Mark Derdzinski. His intention, clearly, is "to look less at the presumed center of the literary domain than at its borders, to try to track what can only be glimpsed, as it were, at the margins of the text" 4. In his first chapter, Greenblatt defines this reciprocal process of historical influence and textual creation as the reflection of influences he identifies as "social energy" 4. He then applies this approach to seemingly unrelated texts, usually a chronicle and a play of the same period, to exemplify the trace of a particular form of social energy. It is very simple.
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Save Story Save this story for later. The English were only a small, ragged band of men—Raleigh had sent no women at this exploratory stage—in a vast, uncharted land inhabited by well-organized, prosperous, and proud peoples. Harriot saw that they could not be effortlessly subjugated.
And the new arrivals, though small in number, had an additional advantage. The disease also so strange, that they neither knew what it was, nor how to cure it, the like by report of the oldest men in the country never happened before, time out of mind. They speculated that the handful of colonists was only the beginning.
That Harriot took the trouble to record this metaphor is a mark of his unusual gifts as an ethnographer, but it may also reflect his own speculative interests. But Harriot was suspected throughout his career of being an atheist, and more specifically of being a disciple of the ancient Epicurean philosopher Lucretius.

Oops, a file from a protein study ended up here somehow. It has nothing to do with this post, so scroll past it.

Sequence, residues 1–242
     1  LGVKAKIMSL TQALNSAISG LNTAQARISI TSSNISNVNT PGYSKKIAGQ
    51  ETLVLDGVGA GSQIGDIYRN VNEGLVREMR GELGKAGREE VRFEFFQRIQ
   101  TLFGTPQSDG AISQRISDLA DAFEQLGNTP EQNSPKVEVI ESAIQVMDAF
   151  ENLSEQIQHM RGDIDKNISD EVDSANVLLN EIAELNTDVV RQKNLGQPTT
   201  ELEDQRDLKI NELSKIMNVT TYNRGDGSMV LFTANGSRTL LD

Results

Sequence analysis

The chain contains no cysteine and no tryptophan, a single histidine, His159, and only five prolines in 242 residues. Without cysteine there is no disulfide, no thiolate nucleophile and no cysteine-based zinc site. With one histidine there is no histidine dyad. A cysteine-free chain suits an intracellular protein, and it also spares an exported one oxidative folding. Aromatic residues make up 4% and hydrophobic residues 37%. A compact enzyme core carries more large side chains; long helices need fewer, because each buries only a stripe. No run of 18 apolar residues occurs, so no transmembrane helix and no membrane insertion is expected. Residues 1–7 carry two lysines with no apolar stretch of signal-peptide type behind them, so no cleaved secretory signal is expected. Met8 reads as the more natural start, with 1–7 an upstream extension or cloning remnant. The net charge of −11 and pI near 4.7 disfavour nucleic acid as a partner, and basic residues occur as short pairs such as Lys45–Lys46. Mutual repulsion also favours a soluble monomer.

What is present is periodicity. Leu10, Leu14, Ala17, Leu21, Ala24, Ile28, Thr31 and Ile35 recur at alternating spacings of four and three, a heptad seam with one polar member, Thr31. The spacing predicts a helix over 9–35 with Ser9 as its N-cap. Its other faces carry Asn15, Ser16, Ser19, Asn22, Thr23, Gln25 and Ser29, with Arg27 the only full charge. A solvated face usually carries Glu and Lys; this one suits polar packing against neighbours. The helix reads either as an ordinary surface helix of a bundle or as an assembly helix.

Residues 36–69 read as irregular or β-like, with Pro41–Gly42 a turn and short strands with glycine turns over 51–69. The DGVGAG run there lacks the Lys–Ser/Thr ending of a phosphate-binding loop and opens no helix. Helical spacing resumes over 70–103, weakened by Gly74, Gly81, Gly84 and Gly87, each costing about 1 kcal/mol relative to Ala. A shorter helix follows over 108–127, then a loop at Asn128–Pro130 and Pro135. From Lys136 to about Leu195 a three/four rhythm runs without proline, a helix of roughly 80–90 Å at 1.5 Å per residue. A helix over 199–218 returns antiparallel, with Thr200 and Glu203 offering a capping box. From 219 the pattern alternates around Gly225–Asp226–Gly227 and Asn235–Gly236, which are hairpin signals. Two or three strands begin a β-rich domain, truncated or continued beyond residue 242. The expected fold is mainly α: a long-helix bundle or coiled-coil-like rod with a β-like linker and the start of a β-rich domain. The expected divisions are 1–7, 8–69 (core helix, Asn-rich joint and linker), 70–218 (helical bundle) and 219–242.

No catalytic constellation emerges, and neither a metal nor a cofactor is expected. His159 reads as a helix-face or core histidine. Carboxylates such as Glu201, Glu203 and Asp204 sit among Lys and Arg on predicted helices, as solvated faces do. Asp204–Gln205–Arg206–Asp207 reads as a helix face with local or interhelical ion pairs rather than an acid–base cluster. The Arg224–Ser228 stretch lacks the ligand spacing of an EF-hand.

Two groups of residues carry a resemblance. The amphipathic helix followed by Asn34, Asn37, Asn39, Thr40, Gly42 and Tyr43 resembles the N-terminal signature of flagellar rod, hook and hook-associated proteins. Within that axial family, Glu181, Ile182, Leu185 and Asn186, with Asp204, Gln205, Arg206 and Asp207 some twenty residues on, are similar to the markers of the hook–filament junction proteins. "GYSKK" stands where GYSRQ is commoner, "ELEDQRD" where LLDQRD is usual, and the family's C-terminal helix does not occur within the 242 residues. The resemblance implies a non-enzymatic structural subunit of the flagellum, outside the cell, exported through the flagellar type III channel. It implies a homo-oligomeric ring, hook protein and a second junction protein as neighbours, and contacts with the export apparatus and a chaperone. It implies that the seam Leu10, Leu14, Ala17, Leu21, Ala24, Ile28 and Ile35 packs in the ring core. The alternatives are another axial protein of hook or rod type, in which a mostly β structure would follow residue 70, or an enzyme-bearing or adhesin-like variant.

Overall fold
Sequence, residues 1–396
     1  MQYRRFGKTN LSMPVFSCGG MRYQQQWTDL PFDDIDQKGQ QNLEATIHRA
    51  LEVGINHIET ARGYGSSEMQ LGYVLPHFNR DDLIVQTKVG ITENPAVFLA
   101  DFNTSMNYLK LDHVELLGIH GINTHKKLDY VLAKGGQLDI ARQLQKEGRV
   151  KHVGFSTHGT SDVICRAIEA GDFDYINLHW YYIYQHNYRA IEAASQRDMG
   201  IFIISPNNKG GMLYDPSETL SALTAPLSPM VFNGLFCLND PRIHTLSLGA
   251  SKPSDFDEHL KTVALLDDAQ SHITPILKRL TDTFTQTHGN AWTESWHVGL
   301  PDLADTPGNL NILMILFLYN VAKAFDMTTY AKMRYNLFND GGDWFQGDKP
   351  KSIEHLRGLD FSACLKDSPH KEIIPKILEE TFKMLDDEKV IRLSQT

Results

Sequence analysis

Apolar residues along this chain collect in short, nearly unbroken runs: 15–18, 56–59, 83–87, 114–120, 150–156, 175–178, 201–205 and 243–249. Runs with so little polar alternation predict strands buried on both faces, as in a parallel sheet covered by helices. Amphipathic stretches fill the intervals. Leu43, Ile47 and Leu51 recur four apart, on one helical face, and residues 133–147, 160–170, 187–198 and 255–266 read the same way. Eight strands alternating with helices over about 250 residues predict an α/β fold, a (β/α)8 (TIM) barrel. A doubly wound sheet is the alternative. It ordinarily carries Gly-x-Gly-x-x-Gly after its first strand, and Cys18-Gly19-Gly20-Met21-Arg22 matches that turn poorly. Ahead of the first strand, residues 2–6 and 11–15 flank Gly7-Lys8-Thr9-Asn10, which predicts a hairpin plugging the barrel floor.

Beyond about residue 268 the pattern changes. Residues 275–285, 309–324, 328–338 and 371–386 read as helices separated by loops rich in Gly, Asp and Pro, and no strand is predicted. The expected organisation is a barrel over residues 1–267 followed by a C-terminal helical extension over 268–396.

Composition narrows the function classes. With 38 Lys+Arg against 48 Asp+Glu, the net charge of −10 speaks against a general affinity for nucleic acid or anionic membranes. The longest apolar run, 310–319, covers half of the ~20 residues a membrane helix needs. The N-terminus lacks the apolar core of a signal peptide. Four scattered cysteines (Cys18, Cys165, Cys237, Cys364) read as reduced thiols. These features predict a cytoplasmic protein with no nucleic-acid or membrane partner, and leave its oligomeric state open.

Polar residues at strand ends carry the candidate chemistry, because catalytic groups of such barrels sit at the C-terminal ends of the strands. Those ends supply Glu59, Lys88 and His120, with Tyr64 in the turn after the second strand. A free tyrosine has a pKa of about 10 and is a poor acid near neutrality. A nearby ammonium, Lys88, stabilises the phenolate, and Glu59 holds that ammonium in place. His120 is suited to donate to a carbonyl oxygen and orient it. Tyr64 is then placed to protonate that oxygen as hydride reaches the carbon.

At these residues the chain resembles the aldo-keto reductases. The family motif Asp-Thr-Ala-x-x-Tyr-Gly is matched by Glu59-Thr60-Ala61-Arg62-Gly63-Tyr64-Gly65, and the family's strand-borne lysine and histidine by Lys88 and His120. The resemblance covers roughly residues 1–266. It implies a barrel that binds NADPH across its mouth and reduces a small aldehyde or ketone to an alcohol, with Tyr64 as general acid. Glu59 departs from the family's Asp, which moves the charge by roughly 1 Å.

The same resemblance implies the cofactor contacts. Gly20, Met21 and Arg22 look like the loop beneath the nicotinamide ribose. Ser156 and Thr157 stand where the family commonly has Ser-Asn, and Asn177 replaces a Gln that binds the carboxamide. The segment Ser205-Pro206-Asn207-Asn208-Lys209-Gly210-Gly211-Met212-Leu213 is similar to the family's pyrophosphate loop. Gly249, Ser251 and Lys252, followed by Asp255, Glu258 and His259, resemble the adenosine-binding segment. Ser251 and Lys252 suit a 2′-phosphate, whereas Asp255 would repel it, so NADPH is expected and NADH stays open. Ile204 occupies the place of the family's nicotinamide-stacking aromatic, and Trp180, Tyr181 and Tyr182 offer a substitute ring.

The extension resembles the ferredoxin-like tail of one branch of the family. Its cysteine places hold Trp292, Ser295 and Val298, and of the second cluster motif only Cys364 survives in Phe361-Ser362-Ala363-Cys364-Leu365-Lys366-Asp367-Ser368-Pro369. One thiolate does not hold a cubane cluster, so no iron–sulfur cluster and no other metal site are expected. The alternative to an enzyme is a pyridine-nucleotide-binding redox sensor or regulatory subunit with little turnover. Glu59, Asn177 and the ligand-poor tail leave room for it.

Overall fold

And Lucretius, as it happens, devoted particular attention to epidemics. Humans should not cower in fear of divine punishment, he wrote, or perform slavish sacrificial offerings in the hope of divine rewards. The universe is not the mysterious plaything of gods or demons; it consists of atoms and emptiness and nothing else. There is, in all of this movement, no fixed pattern, no overarching intention, no trace of intelligent design.
Instead, over a boundless expanse of time and space, there are ceaseless, random mutations. Old forms are constantly dying; new forms are constantly surging up. For Lucretius, this vision was profoundly consoling: instead of fretting about the gods or worrying about the afterlife, you should focus your attention on this world, the only one you will ever experience, and calmly go about enhancing pleasure for yourself and for everyone around you.
But he knew that the news he brought was not unequivocally reassuring. If diseases were not inflicted upon you by angry gods, they nonetheless had to come from somewhere, namely from the same ceaselessly swirling atoms that produced everything else. By the same token, it is obvious That all around us noxious particles Are flying, motes of sickness and of death.
The sky above our heads seems at once like itself and alien, and the things that enable existence come to seem deeply threatening. The plague, Lucretius writes, Falls on the water or the grain fields, falls On other nourishment of beasts and men, Or hangs suspended in the very air From which our breath inhales it, draws it down All through our bodies.
That the poem abruptly closes on such a dark note has led many scholars to conclude that Lucretius must have left it unfinished. There was even a legend that he died suddenly from the effects of a love potion, given to him by his wife.